While Daniel was thus “speaking in prayer’ Gabriel once more appeared to him,15—that same angel messenger who heralded in after times the Saviour’s birth in Bethlehem,—and in answer to his supplication, delivered to the prophet the great prediction of the seventy weeks.

  1. The Angel’s Message

“Seventy weeks are decreed upon thy people and upon thy holy city, to finish transgression, and to make an end of sins, and to make reconciliation for iniquity, and to bring in everlasting righteousness, and to seal up vision and prophecy, and to anoint the most holy.1 Know therefore and discern, that from the going forth of the commandment2 to restore and to build Jerusalem, unto the Messiah the Prince, shall be seven weeks, and threescore and two weeks:  it shall be built again, with street and moat, even in troublous times. And after the threescore and two weeks shall Messiah be cut off, and shall have nothing:  and the people of the Prince that shall come shall destroy the city and the sanctuary; and his end thereof shall be with a flood, and even unto the end shall be war; desolations are determined. And he shall make a firm covenant3 with many for one week:  and for the half of the week he shall cause the sacrifice and the oblation to cease, and upon the wing of abominations shall come one that maketh desolate, even until the consummation, and that determined, shall wrath be poured out upon the desolator.”—Dan. 9:24-27. R.V. (See marginal readings)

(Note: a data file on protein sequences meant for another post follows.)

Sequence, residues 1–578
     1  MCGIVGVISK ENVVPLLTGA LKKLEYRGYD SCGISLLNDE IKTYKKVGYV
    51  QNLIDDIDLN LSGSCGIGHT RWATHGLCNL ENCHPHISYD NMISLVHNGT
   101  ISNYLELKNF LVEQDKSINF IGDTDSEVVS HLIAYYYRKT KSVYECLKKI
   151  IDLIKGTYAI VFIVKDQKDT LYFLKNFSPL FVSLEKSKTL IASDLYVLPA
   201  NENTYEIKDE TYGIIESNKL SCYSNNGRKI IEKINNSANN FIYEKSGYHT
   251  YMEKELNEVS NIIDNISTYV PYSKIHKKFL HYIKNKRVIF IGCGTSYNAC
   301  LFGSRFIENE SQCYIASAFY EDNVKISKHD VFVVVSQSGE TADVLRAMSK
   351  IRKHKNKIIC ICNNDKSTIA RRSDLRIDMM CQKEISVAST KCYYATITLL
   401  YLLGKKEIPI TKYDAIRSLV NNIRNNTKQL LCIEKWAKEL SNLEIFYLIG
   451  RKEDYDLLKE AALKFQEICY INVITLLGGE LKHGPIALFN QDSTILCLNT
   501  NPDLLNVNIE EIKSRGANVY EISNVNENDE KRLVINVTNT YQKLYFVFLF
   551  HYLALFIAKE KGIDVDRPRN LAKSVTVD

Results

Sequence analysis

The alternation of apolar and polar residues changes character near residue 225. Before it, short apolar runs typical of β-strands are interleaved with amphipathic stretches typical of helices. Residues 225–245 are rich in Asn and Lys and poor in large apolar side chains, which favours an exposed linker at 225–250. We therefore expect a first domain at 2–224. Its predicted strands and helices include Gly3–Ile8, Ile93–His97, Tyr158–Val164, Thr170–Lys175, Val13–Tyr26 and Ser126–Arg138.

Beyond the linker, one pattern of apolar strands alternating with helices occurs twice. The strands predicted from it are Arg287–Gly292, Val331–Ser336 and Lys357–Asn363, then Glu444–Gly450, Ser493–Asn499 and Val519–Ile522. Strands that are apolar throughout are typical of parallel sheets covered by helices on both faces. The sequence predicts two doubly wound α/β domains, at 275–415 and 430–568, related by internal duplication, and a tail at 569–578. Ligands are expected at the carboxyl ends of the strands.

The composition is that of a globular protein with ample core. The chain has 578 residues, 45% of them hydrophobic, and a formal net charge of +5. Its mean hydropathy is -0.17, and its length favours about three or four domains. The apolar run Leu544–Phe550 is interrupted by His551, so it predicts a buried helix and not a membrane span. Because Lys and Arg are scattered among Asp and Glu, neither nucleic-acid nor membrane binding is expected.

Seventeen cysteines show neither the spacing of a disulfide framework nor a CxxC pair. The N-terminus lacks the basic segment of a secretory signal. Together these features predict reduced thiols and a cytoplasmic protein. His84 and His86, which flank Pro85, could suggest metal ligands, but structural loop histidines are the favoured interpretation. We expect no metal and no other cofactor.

Such was the message entrusted to the angel in response to the prophet’s prayer for mercies upon Judah and Jerusalem.